I am SO tired, it’s not funny. I could have avoided writing anything at all today, but I can assure you if that happened, the blog’s existence would be a serious concern, considering I haven’t written in SO long. So, despite being tired enough to happily sleep with those dogs on the beds at the CWG Village, I am going to attempt to write! Cheers to that!
Before I go any further, please do a Chandler Bing style “Param Pam Bishh” for the dear blog! We just turned 50 posts old. The baby’s growing up. Sniff. This is the worst possible way to usher in a moment like that, but this Blogger’s block I tell you, is a desperate witch.
Anyhoo. This is the point where I actually start the post. But considering I don’t have much to say, imagine an awkward silence here.
There is a lot of discussion on the CWG. I could add on to that hullabaloo, considering I am bang in the midst of all that, but I won’t. Because there are other things that caught my attention this week, other things that this city needs to think about. Because I am reallllllly tired and I don’t want to apply my mind to the CWG mess.
I should probably tell you why I am tired. That’s because over the past few weeks, I have been traveling. A Lot. Within Delhi, of course. And through the course of this, I went to some alarmingly dirty places, met some shockingly good people and learnt more than I could ever imagine! You know how companies rave about products for rural India and the bottom of pyramid? Yeah? Well, we are one of them and we made a little insignificant something for them and as a part of this team, I was required to tie-up with NGO’s working with the lower sections of the society. And boy, oh boy. What an experience!
I HAVE to describe the place first. I never knew such areas existed in Delhi. Imagine the dirtiest possible place you have ever seen. Add rains to that, knee deep water and industries spewing sewage water in to the same water. Then, put in a couple of dozen pigs playing happily there, with some truck loads of garbage as their cushion. Now, imagine a chaotic situation, with a Ganpati Visarjan procession, people dancing right in between all that mess, and also a fish market on the sidelines of this. (Fish market sounds like an addition from my end, it’s not. Believe me.) For a cherry on the cake, carefully place a Baraat procession bang in the middle of this. With Ghoda and dance and band and all the appurtenances. And the best part, the people were enjoying themselves to the hilt, irrespective of the rains, the mess or the mosquitoes. There. That’s the best I can do to describe the place!
And where were we? In a cycle rickshaw, driven by an extremely enthusiastic Superman driver, who refused to accept that the road had potholes. To his credit though, the road did not have potholes, the potholes had a little bit of road. One look at this place, and if you don’t drown in oodles of misery, I assure you, you are not human.
Right there, when you are hanging on to dear life, when someone calls you to tell you that the bridge at a CWG stadium collapsed, you feel like sitting down in the middle of all that crap and quite literally, laughing your ass off. Because you suddenly realize what a naked sham the CWG is. Because you suddenly realize how there is a large section of the Delhi where mention of the word CWG results in stares of absolute ignorance. Because suddenly, you realize that there are people in Delhi who do not have living conditions good enough for even pigs.Because suddenly, nothing else matters.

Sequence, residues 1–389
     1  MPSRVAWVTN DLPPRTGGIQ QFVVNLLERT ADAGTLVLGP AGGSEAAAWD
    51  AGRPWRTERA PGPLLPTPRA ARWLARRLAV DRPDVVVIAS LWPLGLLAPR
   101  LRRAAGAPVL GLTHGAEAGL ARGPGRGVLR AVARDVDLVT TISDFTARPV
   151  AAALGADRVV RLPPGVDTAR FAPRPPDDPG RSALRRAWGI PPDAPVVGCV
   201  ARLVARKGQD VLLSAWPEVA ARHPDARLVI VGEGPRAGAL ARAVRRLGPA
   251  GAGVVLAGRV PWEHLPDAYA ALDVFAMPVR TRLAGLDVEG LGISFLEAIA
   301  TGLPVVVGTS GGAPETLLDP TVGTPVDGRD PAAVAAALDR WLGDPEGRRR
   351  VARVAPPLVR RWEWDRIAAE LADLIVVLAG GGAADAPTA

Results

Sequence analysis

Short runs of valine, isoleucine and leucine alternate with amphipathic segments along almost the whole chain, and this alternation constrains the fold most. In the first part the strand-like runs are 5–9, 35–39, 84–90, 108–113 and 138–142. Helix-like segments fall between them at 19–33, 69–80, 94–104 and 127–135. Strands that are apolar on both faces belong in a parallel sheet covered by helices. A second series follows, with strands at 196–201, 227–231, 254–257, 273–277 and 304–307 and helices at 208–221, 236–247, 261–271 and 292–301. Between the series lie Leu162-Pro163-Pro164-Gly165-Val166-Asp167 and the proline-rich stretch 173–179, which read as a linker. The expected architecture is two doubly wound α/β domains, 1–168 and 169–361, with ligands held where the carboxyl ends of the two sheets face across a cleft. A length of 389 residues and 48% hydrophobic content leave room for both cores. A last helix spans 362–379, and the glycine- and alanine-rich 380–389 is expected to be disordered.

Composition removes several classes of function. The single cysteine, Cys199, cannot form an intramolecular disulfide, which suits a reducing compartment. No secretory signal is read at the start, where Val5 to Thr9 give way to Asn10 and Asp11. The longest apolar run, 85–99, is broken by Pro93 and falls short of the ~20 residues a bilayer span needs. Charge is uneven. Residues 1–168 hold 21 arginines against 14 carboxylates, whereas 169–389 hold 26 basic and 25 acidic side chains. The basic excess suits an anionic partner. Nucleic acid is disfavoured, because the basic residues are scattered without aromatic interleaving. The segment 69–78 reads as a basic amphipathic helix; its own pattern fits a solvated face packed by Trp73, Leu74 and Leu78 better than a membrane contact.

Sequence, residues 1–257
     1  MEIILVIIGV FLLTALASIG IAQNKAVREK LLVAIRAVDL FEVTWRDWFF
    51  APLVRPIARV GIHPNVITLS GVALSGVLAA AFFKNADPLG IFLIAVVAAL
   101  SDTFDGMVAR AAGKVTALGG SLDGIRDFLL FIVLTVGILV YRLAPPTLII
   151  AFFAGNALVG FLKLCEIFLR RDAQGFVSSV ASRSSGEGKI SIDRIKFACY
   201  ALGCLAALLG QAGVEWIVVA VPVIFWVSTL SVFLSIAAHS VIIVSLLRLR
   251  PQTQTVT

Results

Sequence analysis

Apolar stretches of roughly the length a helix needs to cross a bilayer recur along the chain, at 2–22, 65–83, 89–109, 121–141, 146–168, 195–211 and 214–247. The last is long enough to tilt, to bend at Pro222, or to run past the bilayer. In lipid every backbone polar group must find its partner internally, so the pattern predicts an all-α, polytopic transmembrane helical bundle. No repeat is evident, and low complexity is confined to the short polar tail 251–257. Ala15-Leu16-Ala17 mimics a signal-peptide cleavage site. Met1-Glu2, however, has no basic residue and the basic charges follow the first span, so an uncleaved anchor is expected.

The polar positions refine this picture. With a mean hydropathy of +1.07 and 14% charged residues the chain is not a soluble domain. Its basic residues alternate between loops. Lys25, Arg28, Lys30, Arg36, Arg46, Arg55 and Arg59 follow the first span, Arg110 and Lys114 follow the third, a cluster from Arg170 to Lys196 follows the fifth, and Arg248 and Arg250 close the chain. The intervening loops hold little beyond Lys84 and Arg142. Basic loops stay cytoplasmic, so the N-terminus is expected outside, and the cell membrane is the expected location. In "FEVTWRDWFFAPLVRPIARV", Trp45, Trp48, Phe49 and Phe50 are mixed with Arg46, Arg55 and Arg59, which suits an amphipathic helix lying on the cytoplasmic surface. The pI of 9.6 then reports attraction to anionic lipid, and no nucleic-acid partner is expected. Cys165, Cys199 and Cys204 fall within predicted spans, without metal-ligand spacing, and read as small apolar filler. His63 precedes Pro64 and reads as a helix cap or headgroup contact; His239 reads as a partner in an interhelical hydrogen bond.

Don’t worry. If the story didn’t have a positive spin to it, I wouldn’t have posted it today. In the middle of that mess, where people are trying desperately to just live life, are some angels – the NGOs. I cannot even begin to imagine the AMOUNT of motivation one needs to be able to go to these places every single day, to work. That there are not one or two, but many people who are doing that, is in itself a shocker. These NGO’s train people living here, impart vocational training for free, teach them, empower them, enable them to earn a living and help young people to dream. They go deep into these villages, encourage people to come out and learn, assure them of their good intentions and then spend time and effort, just to make these people capable of living a decent life. In the worst of conditions, they reach out to people living in these areas and force them to get out of their dirge. I have to say I was deeply embarrassed when people at these NGO’s said we are doing a great job by making this technology for the lower section of the society. Because, we are not doing a great job, we are just doing our job. We are just doing what should have been done ages ago. We are only doing a very minute bit to help the NGOs do more. The actual great work is being done by them!
So there, that’s what I learnt over the past few days. How not to get mislead by the wrong kind of problems. How not to close my eyes towards the real problems. How not to crib about my job. How not to worry about little things that have no real significance. Incidentally, on my return journey, the song playing on the iPod was:
“If everyone cared and nobody cried
If everyone loved and nobody lied
If everyone shared and swallowed their pride”
Sigh. For someone who had nothing to say, I wrote a humongous lot! And now that I have started writing, I realize there’s a lot more I can say! But that’s in a different post, because I really am tired today. I could fall asleep on the keyboa zzzzzzzzzzzz.
Edited to add: It’s not fair if I don’t mention the names of some of these NGOs. So, that would be Prayas, Aradhya, Rasta, Navjyoti to mention a few!